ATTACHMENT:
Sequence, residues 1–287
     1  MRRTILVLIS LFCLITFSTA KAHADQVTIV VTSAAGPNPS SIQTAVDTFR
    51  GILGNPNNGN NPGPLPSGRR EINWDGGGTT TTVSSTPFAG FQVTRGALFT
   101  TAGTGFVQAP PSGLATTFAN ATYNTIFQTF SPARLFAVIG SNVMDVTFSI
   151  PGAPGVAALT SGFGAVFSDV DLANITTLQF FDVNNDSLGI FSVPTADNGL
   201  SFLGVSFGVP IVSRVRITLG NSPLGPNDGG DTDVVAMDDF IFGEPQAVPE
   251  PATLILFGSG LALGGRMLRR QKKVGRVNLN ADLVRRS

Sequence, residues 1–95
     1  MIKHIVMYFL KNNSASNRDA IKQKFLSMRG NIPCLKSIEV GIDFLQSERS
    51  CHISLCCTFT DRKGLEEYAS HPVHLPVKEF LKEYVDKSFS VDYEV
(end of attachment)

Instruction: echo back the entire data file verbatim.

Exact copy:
Sequence, residues 1–287
     1  MRRTILVLIS LFCLITFSTA KAHADQVTIV VTSAAGPNPS SIQTAVDTFR
    51  GILGNPNNGN NPGPLPSGRR EINWDGGGTT TTVSSTPFAG FQVTRGALFT
   101  TAGTGFVQAP PSGLATTFAN ATYNTIFQTF SPARLFAVIG SNVMDVTFSI
   151  PGAPGVAALT SGFGAVFSDV DLANITTLQF FDVNNDSLGI FSVPTADNGL
   201  SFLGVSFGVP IVSRVRITLG NSPLGPNDGG DTDVVAMDDF IFGEPQAVPE
   251  PATLILFGSG LALGGRMLRR QKKVGRVNLN ADLVRRS

Sequence, residues 1–95
     1  MIKHIVMYFL KNNSASNRDA IKQKFLSMRG NIPCLKSIEV GIDFLQSERS
    51  CHISLCCTFT DRKGLEEYAS HPVHLPVKEF LKEYVDKSFS VDYEV